|US7931669||17 May 2002||26 Abr 2011||Integrated Vascular Systems, Inc.||Integrated vascular device with puncture site closure component and sealant and methods of use|
|US7935147||26 Sep 2005||3 May 2011||Anulex Technologies, Inc.||Method and apparatus for enhanced delivery of treatment device to the intervertebral disc annulus|
|US7942888||3 Ene 2006||17 May 2011||Rex Medical, L.P.||Vascular hole closure device|
|US7951201||12 Ene 2007||31 May 2011||Anulex Technologies, Inc.||Method and apparatus for the treatment of the intervertebral disc annulus|
|US7963992||8 Oct 2008||21 Jun 2011||Anulex Technologies, Inc.||Method and apparatus for the treatment of the intervertebral disc annulus|
|US7985257||6 Nov 2006||26 Jul 2011||Anulex Technologies, Inc.||Methods and devices for spinal disc annulus reconstruction and repair|
|US7993405||8 Dic 2006||9 Ago 2011||Anulex Technologies, Inc.||Spinal disc annulus repair system and methods|
|US8007512||8 Oct 2003||30 Ago 2011||Integrated Vascular Systems, Inc.||Plunger apparatus and methods for delivering a closure device|
|US8034112||9 Nov 2006||11 Oct 2011||Anulex Technologies, Inc.||Spinal disc annulus reconstruction method and spinal disc annulus stent|
|US8048108||4 Feb 2009||1 Nov 2011||Abbott Vascular Inc.||Vascular closure methods and apparatuses|
|US8048160||22 Dic 2005||1 Nov 2011||Anulex Technologies, Inc.||Intervertebral disc annulus stent|
|US8052914||20 Feb 2009||8 Nov 2011||Boston Scientific Scimed, Inc.||Modified plug for arteriotomy closure|
|US8070772||23 Ene 2009||6 Dic 2011||Rex Medical, L.P.||Vascular hole closure device|
|US8083766||7 Jul 2006||27 Dic 2011||Rex Medical, Lp||Septal defect closure device|
|US8088165||23 Mar 2006||3 Ene 2012||Anulex Technologies, Inc.||Spinal disc annulus reconstruction method and deformable spinal disc annulus stent|
|US8105352||14 Dic 2005||31 Ene 2012||Radi Medical Systems Ab||Medical sealing device|
|US8128644||19 Sep 2003||6 Mar 2012||Integrated Vascular Systems, Inc.||Closure device and methods for making and using them|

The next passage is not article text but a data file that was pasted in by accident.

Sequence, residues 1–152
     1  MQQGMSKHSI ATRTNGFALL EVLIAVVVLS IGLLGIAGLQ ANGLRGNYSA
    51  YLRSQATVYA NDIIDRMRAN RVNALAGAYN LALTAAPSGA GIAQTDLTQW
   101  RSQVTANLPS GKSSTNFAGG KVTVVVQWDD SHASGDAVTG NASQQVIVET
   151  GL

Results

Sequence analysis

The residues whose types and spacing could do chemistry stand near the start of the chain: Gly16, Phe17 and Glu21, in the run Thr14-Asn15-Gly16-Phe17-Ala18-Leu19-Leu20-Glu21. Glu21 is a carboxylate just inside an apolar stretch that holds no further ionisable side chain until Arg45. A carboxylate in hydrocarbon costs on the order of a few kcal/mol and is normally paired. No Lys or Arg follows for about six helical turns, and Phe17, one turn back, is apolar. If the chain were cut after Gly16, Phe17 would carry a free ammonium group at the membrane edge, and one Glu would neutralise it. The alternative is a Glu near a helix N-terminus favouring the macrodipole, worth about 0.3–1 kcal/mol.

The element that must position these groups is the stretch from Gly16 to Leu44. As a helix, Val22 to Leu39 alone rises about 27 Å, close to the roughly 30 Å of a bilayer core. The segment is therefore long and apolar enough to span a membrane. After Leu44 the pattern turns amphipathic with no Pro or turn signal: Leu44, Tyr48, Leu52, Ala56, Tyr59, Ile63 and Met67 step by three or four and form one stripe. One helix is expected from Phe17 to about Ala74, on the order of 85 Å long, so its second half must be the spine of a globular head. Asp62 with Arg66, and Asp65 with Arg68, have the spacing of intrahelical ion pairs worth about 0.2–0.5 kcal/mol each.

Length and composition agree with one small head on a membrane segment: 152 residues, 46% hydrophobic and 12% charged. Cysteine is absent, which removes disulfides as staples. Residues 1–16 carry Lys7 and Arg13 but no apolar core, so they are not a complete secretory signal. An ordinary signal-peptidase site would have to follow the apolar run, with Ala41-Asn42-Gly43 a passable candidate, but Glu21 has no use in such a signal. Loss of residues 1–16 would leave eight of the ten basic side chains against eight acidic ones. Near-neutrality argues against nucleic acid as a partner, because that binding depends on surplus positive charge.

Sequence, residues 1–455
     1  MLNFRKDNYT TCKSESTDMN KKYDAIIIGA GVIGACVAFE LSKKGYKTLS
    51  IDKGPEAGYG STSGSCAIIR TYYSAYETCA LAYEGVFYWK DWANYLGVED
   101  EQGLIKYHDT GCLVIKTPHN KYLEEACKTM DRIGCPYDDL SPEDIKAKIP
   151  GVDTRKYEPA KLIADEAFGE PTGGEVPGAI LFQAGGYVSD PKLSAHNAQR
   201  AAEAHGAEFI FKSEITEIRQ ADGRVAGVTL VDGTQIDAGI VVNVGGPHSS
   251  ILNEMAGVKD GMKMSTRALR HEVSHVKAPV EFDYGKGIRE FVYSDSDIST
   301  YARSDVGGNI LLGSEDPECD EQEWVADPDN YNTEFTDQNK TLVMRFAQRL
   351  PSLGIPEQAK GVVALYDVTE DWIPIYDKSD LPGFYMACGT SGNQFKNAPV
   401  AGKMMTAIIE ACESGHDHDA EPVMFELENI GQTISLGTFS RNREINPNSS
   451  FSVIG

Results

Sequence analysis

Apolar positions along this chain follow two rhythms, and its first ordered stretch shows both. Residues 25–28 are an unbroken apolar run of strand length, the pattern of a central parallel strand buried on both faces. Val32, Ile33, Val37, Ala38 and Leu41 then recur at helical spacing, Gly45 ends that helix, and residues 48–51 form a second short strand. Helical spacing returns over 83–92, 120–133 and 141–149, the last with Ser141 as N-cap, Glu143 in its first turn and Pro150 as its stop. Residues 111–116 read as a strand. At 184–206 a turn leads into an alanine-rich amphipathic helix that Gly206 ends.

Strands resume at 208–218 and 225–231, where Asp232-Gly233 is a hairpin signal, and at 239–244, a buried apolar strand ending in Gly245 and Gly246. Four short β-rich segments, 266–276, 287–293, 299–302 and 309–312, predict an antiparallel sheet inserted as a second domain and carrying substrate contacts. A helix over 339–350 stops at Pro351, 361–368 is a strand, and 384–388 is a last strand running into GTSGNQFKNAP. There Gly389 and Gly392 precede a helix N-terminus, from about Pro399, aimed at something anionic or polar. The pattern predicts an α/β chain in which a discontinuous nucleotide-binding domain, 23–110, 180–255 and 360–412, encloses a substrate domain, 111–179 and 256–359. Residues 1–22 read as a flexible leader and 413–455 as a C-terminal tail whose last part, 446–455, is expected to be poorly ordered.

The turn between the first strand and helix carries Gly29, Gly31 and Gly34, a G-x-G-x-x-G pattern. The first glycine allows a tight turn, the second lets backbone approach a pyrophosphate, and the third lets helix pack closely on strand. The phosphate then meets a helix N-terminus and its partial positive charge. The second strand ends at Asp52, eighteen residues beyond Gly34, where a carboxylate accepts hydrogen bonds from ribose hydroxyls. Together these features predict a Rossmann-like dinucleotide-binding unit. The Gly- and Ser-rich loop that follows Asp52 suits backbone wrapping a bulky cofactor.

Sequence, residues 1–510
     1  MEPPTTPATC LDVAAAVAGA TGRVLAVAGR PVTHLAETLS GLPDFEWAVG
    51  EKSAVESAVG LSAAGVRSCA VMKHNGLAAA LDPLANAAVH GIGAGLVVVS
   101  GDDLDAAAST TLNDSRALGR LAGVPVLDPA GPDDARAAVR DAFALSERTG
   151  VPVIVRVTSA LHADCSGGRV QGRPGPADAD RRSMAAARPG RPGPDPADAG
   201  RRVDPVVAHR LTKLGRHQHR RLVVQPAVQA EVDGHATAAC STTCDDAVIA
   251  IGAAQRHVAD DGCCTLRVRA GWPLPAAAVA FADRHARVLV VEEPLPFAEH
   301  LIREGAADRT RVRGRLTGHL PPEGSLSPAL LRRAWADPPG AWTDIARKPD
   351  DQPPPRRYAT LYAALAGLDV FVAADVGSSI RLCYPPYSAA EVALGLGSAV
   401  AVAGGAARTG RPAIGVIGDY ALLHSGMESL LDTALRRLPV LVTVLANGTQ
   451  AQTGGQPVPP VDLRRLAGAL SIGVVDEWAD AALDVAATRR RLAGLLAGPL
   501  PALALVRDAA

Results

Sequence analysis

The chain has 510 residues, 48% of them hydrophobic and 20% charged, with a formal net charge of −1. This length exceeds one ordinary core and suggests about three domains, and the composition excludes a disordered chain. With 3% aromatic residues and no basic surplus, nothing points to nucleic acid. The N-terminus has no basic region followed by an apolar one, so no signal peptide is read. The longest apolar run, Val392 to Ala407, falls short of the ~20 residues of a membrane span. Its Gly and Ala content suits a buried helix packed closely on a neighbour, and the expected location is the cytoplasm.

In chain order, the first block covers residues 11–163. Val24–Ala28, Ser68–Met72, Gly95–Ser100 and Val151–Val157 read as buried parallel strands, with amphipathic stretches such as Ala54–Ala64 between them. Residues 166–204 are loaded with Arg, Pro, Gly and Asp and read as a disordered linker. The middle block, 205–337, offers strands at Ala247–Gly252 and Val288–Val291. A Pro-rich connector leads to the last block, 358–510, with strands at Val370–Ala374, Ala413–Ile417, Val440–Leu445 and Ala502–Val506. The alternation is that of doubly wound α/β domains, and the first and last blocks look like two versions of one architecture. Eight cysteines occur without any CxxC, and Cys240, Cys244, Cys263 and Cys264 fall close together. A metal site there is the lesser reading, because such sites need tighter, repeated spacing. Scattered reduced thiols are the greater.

|US8128652||13 Nov 2003||6 Mar 2012||St. Jude Medical Puerto Rico Llc||Method and apparatus for sealing an internal tissue puncture incorporating a block and tackle|
|US8128653||17 Ago 2007||6 Mar 2012||Rex Medical, L.P.||Vascular hole closure device|
|US8128698||14 Oct 2008||6 Mar 2012||Anulex Technologies, Inc.||Method and apparatus for the treatment of the intervertebral disc annulus|
|US8163022||3 Sep 2009||24 Abr 2012||Anulex Technologies, Inc.||Method and apparatus for the treatment of the intervertebral disc annulus|
|US8182497||4 Oct 2010||22 May 2012||Integrated Vascular Systems, Inc.||Closure device|
|US8192459||5 Jun 2012||Abbott Vascular Inc.||Blood vessel closure clip and delivery device|
|US8202283||12 Nov 2010||19 Jun 2012||Integrated Vascular Systems, Inc.||Methods for manufacturing a clip and clip|
|US8202293||20 Jun 2008||19 Jun 2012||Integrated Vascular Systems, Inc.||Clip applier and methods of use|
|US8202294||20 Dic 2010||19 Jun 2012||Integrated Vascular Systems, Inc.||Clip applier and methods of use|
|US8226681||25 Jun 2007||24 Jul 2012||Abbott Laboratories||Methods, devices, and apparatus for managing access through tissue|
|US8236026||7 Ago 2012||Integrated Vascular Systems, Inc.||Closure device and methods for making and using them|
|US8257390||4 Sep 2012||Integrated Vascular Systems, Inc.||Closure device and methods for making and using them|
|US8292918||20 Feb 2009||23 Oct 2012||Boston Scientific Scimed, Inc.||Composite plug for arteriotomy closure and method of use|
|US8303624||15 Mar 2010||6 Nov 2012||Abbott Cardiovascular Systems, Inc.||Bioabsorbable plug|
|US8313497||20 Nov 2012||Abbott Laboratories||Clip applier and methods of use|